'Greening' the Disposable Coffee Cup: The Value of Simple Fixes

No matter how sustainable options are out there, there’s little chance the number of disposable cups sold will dwindle to zero.

If you’re in the market for a reusable coffee mug, the MoMA Store has a couple of clever options. There’s the New York Coffee Cup, a ceramic version of the classic Grecian-lettered “We Are Happy to Serve You” paper cup. There’s the I Am Not a Paper Cup, which looks just like the tall, generic one available everywhere, but made of double-walled porcelain.

It’s not necessary to own a reusable mug that pokes fun at its paper rivals: Touting around any reusable mug is a responsible, sustainable choice. But the majority of people don't do it, and many never will. And even the most environmentally minded people sometimes leave their reusable cups at home and still want to buy a cup of coffee. In other words, there’s a limit to the impact personal choices can have. No matter how sustainable options are out there, there’s little chance the number of disposable cups sold will dwindle to zero.

That’s where innovation can come in: Good design can minimize the impact of even the most irresponsible individual actors, the people who will never carry around reusable coffee mugs. In that vein, The Boston Globe reports that an architect named Peter Herman has figured out how to rid coffee cups of their plastic lids. Herman's Compleat cup has a lid built in—two paper flaps that fold over the cup’s open mouth. It’s not a revolutionary idea, but a tweak to a technology that’s been around forever. Nor is it an environmental transformation; the flaps will use paper resources. But these cups would be greener than the ones available now, and individual consumers wouldn't have to actively choose to use them. If a business like Starbucks adopted this technology, every one of its customers would start living a slightly greener lifestyle.

Unfortunately, getting rid of the lid doesn’t make paper cups uber-sustainable. Compleat cups are still coated with polyethelene, according to the Globe, a coating that prevents the cup from turning into a mushy mess, but also prevents it from being recycled. The coating also releases methane, a greenhouse gas, as it decomposes in landfills.

But some of the biggest beverage companies in the world are working on solving those problems. Compostable cups sealed with a corn-based coating already exist. Starbucks has organized a series of “cup summits” that bring fast-food behemoths, paper producers and waste processors together to brainstorm better cup technologies. Mindy Lubber, president of the sustainability nonprofit Ceres, reported from the most recent summit that the technology to recycle coated cups exists already. She also discovered that if Starbucks recycled all 4 billion of the paper cups it uses each year into napkins, it would add less than four days worth of production at the company’s napkin factory.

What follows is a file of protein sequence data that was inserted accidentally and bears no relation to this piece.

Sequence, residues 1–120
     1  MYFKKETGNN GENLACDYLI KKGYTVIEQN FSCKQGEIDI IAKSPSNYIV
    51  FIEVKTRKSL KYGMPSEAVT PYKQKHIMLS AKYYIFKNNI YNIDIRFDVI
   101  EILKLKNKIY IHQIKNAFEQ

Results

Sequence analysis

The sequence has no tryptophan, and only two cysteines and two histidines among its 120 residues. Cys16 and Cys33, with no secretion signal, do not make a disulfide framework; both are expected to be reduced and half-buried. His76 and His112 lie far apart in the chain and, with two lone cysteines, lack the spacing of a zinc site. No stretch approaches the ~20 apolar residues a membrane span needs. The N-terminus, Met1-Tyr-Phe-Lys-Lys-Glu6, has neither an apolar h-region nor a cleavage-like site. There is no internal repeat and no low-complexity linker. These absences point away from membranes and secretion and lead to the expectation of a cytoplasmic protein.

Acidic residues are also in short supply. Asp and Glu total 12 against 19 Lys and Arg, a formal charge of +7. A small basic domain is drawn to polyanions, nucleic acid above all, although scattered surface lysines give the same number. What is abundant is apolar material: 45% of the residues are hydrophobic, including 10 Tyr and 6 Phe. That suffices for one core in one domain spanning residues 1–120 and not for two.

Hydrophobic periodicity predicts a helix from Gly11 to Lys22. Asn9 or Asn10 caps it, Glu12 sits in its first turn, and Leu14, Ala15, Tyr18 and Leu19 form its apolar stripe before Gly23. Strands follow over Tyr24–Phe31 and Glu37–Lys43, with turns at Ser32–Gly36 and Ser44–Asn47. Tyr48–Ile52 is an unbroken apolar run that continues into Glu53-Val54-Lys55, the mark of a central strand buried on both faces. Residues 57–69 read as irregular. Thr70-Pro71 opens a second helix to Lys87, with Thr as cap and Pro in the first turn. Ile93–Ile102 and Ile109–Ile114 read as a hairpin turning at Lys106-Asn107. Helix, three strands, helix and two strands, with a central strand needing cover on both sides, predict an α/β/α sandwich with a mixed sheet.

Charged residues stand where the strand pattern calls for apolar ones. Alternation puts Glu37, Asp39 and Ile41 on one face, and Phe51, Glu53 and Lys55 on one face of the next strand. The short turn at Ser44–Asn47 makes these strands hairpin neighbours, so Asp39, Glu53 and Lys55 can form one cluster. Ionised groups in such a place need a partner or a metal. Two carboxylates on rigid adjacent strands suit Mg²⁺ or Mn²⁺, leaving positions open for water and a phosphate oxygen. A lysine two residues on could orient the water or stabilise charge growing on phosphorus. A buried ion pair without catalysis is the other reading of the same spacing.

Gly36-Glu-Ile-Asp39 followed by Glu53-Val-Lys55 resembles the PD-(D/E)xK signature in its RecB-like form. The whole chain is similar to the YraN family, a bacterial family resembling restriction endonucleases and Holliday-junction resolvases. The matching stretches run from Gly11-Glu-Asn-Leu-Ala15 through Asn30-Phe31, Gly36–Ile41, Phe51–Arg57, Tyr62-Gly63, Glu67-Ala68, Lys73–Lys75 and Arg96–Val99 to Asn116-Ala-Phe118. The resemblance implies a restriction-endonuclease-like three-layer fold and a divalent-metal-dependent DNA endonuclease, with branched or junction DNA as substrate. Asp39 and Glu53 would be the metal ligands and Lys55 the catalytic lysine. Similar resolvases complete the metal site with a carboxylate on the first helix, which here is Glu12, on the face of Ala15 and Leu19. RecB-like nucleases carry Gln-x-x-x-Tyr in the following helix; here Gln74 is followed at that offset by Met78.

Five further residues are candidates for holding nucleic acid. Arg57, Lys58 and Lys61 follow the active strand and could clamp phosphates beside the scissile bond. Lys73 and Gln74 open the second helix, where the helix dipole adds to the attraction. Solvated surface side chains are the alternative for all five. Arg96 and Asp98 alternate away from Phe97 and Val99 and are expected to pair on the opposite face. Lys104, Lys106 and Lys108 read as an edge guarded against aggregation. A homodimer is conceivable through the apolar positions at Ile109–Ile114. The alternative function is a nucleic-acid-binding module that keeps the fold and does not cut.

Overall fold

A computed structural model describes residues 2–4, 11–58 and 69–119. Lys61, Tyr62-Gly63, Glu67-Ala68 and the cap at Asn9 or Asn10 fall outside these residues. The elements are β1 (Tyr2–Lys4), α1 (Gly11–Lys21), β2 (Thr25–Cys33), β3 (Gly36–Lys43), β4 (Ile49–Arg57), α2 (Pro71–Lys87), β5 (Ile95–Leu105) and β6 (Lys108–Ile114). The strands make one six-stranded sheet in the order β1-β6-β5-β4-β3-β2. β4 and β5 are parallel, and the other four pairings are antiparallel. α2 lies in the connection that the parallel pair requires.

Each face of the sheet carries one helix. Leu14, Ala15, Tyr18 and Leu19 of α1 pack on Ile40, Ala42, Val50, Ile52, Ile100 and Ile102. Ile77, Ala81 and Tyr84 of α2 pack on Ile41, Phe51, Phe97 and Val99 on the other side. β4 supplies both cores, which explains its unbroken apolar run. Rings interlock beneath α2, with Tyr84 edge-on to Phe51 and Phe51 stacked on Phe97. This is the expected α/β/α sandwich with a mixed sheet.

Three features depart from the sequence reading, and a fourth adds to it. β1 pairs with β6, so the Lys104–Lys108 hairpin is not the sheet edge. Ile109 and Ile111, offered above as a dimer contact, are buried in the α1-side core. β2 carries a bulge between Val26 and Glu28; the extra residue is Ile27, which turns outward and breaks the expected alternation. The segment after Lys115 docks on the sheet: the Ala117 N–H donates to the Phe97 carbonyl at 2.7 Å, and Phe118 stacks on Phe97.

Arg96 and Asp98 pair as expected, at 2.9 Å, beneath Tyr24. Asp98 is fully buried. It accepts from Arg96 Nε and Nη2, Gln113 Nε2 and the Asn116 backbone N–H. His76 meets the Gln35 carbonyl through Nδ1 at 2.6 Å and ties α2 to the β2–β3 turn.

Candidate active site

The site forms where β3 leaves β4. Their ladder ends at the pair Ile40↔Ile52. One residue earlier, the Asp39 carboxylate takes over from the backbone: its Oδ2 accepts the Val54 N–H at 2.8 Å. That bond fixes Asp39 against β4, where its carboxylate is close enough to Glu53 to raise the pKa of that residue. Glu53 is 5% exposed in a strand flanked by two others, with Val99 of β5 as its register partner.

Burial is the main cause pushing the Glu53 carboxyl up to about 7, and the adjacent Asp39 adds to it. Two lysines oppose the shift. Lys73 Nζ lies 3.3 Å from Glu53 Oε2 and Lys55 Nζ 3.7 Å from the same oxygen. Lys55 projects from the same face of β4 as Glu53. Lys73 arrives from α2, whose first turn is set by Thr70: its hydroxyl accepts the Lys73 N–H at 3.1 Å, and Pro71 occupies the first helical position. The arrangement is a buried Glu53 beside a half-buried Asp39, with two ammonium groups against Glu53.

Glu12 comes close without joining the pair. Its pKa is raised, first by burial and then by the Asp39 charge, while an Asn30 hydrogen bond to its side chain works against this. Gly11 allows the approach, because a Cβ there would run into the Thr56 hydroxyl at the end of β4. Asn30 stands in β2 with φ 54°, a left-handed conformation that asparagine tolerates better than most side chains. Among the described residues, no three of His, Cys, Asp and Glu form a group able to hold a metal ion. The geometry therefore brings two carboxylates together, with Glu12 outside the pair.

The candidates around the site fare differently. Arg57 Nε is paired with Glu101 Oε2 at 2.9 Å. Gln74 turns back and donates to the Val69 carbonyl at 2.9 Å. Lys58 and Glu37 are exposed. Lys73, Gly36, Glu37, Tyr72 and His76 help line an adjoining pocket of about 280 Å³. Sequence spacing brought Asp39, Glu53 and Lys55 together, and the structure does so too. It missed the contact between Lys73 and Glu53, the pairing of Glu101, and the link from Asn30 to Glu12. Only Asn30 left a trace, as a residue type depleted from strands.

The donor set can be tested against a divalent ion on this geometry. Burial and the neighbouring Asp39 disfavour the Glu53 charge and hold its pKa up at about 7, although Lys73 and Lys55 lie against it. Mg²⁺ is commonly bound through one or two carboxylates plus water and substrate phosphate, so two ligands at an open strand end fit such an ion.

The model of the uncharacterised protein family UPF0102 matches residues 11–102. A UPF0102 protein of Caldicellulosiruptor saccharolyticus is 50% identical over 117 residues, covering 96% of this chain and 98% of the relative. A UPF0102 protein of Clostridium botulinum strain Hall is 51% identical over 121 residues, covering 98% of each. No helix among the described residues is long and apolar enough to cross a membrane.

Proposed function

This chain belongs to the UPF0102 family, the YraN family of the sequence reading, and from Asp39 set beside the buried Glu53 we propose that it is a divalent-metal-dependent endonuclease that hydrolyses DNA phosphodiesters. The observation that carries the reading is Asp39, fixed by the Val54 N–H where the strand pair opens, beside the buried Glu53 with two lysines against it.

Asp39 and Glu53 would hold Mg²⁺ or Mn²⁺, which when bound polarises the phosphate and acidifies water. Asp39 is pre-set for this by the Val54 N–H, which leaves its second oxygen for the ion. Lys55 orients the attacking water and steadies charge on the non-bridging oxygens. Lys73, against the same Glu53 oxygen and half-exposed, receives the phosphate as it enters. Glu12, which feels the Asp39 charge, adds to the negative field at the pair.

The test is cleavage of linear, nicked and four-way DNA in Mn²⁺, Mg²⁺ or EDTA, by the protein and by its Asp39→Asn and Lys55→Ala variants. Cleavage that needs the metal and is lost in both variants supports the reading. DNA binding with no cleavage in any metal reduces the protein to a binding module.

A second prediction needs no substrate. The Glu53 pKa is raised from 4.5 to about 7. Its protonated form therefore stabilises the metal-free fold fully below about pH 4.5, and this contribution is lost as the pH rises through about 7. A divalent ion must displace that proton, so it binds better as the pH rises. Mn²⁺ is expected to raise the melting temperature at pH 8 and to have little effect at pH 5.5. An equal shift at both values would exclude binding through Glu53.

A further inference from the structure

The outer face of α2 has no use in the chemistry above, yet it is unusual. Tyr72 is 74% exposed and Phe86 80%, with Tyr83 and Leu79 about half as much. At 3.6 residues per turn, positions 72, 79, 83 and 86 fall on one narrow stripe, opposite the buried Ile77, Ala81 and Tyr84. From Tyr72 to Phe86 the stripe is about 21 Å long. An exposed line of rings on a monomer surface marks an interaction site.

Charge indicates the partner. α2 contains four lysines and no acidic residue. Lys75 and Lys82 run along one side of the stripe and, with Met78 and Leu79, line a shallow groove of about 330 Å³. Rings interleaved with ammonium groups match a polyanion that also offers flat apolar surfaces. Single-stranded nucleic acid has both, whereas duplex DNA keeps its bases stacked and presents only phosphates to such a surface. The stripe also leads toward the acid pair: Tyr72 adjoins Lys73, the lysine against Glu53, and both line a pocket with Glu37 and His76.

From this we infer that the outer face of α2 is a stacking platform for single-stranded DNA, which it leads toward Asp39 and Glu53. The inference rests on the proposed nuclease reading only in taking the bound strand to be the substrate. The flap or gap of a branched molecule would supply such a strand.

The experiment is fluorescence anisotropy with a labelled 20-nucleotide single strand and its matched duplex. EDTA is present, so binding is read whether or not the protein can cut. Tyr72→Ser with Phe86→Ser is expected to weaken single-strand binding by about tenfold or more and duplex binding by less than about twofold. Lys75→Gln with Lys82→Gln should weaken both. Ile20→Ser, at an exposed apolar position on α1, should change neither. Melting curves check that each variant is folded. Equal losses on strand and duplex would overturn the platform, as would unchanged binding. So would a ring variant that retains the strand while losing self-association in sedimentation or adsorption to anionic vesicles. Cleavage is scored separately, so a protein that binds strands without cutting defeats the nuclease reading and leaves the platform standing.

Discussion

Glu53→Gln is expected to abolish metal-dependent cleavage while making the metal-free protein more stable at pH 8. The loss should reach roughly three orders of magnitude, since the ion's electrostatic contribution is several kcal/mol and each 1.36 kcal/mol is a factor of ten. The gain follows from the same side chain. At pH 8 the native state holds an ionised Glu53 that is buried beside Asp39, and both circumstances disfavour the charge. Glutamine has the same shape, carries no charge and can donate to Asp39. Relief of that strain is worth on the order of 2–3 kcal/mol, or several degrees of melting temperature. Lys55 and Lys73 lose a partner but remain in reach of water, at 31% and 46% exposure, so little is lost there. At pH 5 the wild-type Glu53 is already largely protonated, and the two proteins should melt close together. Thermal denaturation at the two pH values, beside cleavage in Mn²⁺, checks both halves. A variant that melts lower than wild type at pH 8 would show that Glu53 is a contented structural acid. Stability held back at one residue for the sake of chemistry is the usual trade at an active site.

Everyone knows its environmentally friendly to carry a reusable coffee cup, but it’s less common to hear how we should be carrying around cloth napkins too. Making a real difference in how much waste is produced requires not just green guilt trips, but innovative tweaks to products—like coffee lids, paper napkins, and coffee cups' coating—that most people just don’t think about. Sometimes the simple fixes have the greatest value.

Photo via (cc) Flickr user ethanhickerson

via David Leavitt / Twitter

Anyone who has ever worked in retail knows that the worst thing about the job, right after the pay, are the unreasonable cheapskates who "want to talk to your manager" to get some money off an item.

They think that throwing a tantrum will save them a few bucks and don't care if they completely embarrass themselves in the process. Sometimes that involves belittling the poor employee who's just trying to get through their day with an ounce of dignity.

Twitter is rallying around a gal named Tori who works at a Target in Massachusetts after she was tweet-shamed by irate chapekate, journalist, and Twitter troll, David Leavitt.

Keep Reading

Childbirth is the number one reason American women visit the hospital, and it ain't cheap. In fact, it's getting more and more expensive. A new study published in Health Affairs found that the cost of having a baby with employer-sponsored health insurance increased by almost 50% in the past seven years.

The study evaluated "trends in cost-sharing for maternity care for women with employer-based health insurance plans, before and after the Affordable Care Act," which was signed into law in 2010. The study looked at over 657,061 women enrolled in large employer-sponsored health insurance plans who delivered babies between 2008 and 2015, as these plans tend to cover more than plans purchased by small businesses or individuals.

Keep Reading

A meteorite crashed into Earth nearly 800,000 years ago. The meteor was 1.2 miles wide, and the impact was so big, it covered 10% of the planet with debris. However, scientists haven't been able to find the impact site for over a century. That is, until now. A study published in the Proceedings of the National Academy of Sciences journal believes the crash site has been located.

Tektites, which are essentially rocks that have been liquefied from the heat of the impact and then cooled to form glass, help scientists spot the original impact site of a meteor. Upon impact, melted material is thrown into the atmosphere, then falls back to the ground. Even if the original crater has disappeared due to erosion or is hidden by a shift in tectonic plates, tektites give the spot away. Tektites between 750,000 to 35.5 million years old have been found in every continent except Antarctica.

Keep Reading